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colleagues. >> thank you for that, manu. i appreciate it. listen, i didn't get to this with manu but let me just tell you 0 in a statement to cnn on tuesday, jackson said that democrats are using the report to repeat and rehash untrue attacks on my integrity. that's a quote. manu, thank you very much. appreciate that. i want to bring in cnn white house correspondent john harwood and political commentator amanda carpenter. good evening to both of you. we've got a lot to talk about here. i want to start, though, with what the current president is saying about the vaccine, that we're going to have enough vaccine for every adult by the end of may. what can you tell us about this plan, mr. harwood? >> well, the president did have some big news today. and, look, some of this would have happened anyway as the vaccines began to be in production. of course they were approved late in the trump administration, and we began getting vaccines produced then. but the biden administration's
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put a tremendous amount of attention to detail on this. they've invoked the defense production act to expand the production of the pfizer vaccine. now they've brokered this deal between merck and johnson & johnson to use the manufacturing clout of merck to make johnson & johnson vaccine, which had been underproduced in terms of what we had expected to get. you put all that together, and they have gotten vaccinations up to around 1.7 million a day, the weekly supply from 8 million doses per week up to 15 million doses. so all of that is movement in the right direction. the challenge now of course is for the biden administration to make sure that all of that vaccination that gets produced is going to get into people's arms to accelerate the process of getting herd immunity and getting the country back to normal. >> i assure you john harwood is not a eventventriloquist for hi. his video is frozen but we can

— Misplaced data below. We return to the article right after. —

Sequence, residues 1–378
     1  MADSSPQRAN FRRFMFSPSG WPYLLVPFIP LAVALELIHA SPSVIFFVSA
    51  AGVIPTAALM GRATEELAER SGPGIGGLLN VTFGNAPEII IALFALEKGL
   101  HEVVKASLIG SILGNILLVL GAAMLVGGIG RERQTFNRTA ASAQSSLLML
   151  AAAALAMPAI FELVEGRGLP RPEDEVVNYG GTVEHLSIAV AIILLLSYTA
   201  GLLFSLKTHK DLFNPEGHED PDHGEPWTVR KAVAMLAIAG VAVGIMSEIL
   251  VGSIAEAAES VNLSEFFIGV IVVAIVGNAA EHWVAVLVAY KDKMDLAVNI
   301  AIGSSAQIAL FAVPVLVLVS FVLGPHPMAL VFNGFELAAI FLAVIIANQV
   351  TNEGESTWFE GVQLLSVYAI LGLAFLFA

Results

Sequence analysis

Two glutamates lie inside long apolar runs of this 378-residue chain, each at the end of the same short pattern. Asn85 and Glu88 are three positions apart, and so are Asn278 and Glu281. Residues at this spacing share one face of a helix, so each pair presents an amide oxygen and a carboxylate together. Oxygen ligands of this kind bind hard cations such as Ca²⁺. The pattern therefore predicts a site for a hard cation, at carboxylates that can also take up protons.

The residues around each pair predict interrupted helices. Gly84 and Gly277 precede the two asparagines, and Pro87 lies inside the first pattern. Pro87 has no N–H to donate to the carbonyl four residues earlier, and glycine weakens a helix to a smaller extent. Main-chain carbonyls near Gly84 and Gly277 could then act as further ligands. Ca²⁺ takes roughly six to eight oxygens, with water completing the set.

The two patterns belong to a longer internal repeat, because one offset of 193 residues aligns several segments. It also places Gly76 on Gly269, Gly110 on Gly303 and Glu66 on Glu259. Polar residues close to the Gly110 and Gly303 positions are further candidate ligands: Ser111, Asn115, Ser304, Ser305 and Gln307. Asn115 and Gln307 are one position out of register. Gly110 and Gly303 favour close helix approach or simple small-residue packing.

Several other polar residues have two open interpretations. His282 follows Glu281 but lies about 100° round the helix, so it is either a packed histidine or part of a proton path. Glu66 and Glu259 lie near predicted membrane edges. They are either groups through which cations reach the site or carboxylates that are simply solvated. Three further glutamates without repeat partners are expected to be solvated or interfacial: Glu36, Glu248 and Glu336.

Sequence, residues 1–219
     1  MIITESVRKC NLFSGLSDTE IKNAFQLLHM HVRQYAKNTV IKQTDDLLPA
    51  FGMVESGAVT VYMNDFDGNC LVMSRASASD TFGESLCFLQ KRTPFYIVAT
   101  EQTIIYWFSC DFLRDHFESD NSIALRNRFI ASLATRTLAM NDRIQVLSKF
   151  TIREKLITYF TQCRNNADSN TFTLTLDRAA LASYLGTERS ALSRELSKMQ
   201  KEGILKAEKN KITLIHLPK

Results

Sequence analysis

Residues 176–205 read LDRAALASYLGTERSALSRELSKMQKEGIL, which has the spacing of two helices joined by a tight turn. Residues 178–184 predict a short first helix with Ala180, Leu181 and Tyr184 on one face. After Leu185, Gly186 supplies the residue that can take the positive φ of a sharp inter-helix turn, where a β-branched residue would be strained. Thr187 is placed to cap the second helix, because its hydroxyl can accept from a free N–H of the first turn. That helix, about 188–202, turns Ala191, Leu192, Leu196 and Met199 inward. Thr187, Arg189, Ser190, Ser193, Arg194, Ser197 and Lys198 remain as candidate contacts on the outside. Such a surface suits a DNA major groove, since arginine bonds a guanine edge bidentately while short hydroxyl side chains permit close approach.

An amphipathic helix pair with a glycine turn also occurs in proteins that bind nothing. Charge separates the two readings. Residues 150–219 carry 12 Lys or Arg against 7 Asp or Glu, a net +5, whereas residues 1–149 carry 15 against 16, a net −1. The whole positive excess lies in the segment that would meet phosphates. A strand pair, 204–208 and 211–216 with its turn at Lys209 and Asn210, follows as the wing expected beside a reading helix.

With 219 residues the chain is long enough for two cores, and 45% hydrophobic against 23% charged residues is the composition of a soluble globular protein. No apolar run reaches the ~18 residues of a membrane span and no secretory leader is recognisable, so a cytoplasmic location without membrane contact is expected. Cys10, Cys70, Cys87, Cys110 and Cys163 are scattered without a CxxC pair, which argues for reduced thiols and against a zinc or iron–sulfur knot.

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hear him loud and clear. amanda, i want to get to the fbi director christopher wray testifying about the insurrection today. he was crystal clear, saying there is no evidence that fake trump supporters or antifa were behind the riot. he said it right to their faces over and over again, but still they persisted in their lies. amanda? >> sorry. i thought you were going to play some tape. excuse me. >> i want to hear from you, amanda. >> it's embarrassing we had to take the time to clarify what was an obvious fact. and this is what makes me angry from watching the hearing is that there is information we need to have, okay? january 6th was a huge security failure. yes, we can talk about how trump stoked it, but that's all the more reason maybe why we should have seen that coming, okay? how much money and resources have we spent as a country to protect the homeland from terrorism in the aftermath of 9/11? and yet there was a breach of